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SBJ/June 20 - 26, 2005/Labor Agents
SFX’s quiet hire creates coach division
Published June 20, 2005
When bringing aboard major agents or acquiring their firms, big sports agencies generally announce the new hires and the top clients coming with them.
But two years ago, SFX Sports hired longtime agent Warren LeGarie and established a major coaches division, without any fanfare. LeGarie represents six NBA coaches, eight NBA general managers and about 20 NBA assistant coaches.
LeGarie’s clients include Phoenix Suns coach Mike D’Antoni, Los Angeles Clippers coach Mike Dunleavy, Denver Nuggets coach George Karl, Nuggets general manager Kiki Vandeweghe and former Cleveland Cavaliers general manager Jim Paxson.
LeGarie, too, is a bit of a pioneer in the agent business and was one of the first to represent basketball players in Europe. He was current SFX CEO Arn Tellem’s first partner in the sports agency business. The two formed Tellem LeGarie Management in the late 1980s. Tellem later left that firm to form Tellem & Associates, which he sold to SFX in 1999.
The National Basketball Players Association prohibits player agents from representing coaches, general managers or any top NBA management officials. LeGarie no longer represents NBA players, but he still represents European basketball players. If one of those European players were to get a job in the NBA, he would get a different agent, an SFX official said.
Jeffrey Wernick, SFX Basketball executive vice president and chief operating officer, said SFX got approval from NBPA general counsel Ron Klempner to hire a coaches and general managers agent when it entered into an agreement with LeGarie two years ago.
“As long as there was not cross-pollination between our players representation and Warren’s coaches practice … there would not be any problem,” Wernick said.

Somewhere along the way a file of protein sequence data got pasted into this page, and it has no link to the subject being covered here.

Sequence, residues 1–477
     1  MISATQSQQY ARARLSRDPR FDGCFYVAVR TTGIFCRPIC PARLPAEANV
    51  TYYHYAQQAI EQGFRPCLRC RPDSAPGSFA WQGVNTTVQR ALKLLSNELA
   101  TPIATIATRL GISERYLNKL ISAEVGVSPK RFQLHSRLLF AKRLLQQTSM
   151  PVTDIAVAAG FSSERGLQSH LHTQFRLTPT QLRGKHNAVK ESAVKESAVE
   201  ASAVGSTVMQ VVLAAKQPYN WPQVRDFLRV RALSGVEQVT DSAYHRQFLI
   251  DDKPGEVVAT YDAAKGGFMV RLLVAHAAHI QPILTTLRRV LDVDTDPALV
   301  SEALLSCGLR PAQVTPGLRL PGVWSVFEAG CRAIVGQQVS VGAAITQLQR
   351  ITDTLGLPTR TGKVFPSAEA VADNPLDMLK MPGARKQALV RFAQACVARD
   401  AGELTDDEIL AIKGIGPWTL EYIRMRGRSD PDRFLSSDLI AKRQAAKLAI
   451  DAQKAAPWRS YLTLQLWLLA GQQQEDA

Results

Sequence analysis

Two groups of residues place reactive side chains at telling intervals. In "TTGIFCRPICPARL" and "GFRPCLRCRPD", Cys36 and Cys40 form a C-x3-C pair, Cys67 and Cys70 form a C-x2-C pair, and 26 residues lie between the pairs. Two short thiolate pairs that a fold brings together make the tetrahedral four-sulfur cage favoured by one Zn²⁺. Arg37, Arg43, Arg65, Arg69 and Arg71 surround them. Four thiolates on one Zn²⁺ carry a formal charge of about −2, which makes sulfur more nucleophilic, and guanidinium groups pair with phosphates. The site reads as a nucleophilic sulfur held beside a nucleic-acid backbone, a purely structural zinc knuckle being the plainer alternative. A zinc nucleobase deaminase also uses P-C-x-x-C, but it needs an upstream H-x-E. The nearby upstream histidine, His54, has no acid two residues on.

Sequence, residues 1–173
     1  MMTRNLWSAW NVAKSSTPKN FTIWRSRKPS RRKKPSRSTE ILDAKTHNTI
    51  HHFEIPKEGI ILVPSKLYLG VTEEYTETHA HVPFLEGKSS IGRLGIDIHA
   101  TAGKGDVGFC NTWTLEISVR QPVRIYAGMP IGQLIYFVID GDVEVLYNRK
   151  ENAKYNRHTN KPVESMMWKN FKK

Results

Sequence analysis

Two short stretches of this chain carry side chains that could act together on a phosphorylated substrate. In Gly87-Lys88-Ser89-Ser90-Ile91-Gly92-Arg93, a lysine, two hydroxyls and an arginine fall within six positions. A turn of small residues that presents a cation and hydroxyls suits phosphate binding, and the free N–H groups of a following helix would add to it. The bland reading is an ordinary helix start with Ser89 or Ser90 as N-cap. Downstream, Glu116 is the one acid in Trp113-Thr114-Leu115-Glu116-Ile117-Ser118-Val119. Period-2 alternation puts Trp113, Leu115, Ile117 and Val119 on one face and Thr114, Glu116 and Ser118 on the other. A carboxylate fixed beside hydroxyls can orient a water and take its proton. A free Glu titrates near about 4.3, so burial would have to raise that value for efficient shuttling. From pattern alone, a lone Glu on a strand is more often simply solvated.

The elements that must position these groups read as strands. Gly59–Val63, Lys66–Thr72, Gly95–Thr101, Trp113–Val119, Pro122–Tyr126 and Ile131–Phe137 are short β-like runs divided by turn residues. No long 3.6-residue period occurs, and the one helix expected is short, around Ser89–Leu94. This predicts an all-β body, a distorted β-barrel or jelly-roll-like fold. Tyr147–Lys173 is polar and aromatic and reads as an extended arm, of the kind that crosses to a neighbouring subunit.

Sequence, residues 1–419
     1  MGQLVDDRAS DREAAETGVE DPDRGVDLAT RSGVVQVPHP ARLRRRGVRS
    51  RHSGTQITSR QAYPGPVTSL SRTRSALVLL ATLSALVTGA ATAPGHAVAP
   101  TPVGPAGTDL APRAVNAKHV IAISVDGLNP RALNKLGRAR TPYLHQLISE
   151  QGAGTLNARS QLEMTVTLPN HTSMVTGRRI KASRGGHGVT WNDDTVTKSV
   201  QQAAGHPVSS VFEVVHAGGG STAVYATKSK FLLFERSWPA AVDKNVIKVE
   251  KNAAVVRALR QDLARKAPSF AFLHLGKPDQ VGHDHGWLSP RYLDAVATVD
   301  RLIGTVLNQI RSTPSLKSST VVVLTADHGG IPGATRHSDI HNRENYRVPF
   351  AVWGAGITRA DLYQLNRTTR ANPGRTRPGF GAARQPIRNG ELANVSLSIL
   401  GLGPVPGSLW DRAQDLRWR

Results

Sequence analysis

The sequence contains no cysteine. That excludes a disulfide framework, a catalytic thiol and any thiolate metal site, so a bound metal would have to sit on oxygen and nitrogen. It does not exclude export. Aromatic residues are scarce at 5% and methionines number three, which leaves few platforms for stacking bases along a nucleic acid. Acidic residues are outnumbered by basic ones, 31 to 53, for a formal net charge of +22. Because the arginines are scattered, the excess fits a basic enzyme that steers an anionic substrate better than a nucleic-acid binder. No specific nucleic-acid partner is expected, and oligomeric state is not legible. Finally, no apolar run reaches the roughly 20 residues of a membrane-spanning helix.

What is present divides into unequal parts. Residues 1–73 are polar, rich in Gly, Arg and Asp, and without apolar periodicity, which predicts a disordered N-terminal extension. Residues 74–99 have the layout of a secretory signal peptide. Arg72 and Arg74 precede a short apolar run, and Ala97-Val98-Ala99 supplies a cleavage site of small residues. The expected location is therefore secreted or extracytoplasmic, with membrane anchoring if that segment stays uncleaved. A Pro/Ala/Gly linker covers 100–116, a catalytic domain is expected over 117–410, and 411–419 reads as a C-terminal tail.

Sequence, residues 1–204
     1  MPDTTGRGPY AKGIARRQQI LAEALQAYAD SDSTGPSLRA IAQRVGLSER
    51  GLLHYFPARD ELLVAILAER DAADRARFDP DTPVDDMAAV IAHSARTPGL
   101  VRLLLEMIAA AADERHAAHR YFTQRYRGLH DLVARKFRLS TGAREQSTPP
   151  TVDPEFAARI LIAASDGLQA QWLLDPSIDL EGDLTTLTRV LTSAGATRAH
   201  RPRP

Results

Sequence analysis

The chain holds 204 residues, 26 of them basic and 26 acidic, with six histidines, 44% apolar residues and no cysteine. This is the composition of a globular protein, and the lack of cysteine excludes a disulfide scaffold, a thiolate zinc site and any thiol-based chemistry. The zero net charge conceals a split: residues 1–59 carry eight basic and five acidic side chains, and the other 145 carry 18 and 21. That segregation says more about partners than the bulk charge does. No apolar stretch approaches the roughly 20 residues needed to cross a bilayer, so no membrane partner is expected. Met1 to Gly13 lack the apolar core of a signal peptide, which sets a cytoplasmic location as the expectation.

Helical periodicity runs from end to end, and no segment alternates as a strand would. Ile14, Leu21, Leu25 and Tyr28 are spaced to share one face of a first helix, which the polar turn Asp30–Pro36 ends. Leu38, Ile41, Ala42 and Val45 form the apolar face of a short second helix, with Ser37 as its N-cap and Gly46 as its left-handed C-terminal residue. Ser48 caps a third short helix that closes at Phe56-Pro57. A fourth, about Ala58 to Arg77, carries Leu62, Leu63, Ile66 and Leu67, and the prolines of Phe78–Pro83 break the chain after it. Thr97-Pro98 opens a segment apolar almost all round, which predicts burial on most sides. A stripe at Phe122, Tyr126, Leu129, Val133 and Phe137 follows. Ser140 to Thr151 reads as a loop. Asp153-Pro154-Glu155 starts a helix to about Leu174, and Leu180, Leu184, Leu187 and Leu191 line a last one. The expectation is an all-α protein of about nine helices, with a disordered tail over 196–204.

IMG also began representing NBA coaches about two years ago and has one NBA client, Vince Carter, but represents Carter only for marketing. The NBPA does not regulate marketing agents, only player contract agents.
The NBPA had no immediate comment.
Wernick said there was no effort to hide the hiring of LeGarie, who did not insist on a press release. (LeGarie has been mentioned or quoted in more than 70 newspaper or wire stories in the last two years, but it is never mentioned that he is employed by SFX.)
Legacy Sports is advising Brian Bogusevic, the No. 24 pick in this year’s MLB draft.
“I am really just rented for two years,” LeGarie said. “The day I leave them, there is no noncompete clause and I can open up [an agency] with no interference with them. … We are discussing whether I am going to stay.”
NBPA QUESTIONS NBA LOSSES: Andrew Zimbalist, former economist for the National Basketball Players Association, said the union was not able to substantiate league claims that NBA team owners lost $1 billion during the term of the current collective-bargaining agreement.
The NBA provided the NBPA with financial statements for its teams, but did not comply with union requests for backup information about the losses, said Zimbalist, who was the NBPA economist until a month ago.
A current union source would not comment except to say the finances of the league were not a major issue holding up a deal. The union’s new economist, University of Chicago economist Kevin Murphy, did not return a phone call.
NBA Commissioner David Stern, in an interview with SportsBusiness Journal last month, said NBA teams had lost $1 billion over the course of the CBA, which was agreed to in January 1999 and expires June 30. He said public perceptions that NBPA Executive Director Billy Hunter got a bad deal for his players in the last negotiations are incorrect.
Zimbalist said that he and an accounting firm hired by the union reviewed financial statements of the teams and asked for but did not receive information about NBA owners’ related-party transactions. Without knowing about related-party transactions, such as how much money an NBA owner gets from a team’s arena, it is hard to know whether the losses are real, Zimbalist said.
LEGACY ADVISER TO MLB DRAFT PICK: Newport Beach, Calif.-based Legacy Sports is advising Brian Bogusevic, a left-handed pitcher from Tulane, who was the No. 24 pick in this year’s MLB draft. Agent Greg Genske serves as Bogusevic’s adviser.
Liz Mullen can be reached at email@example.com.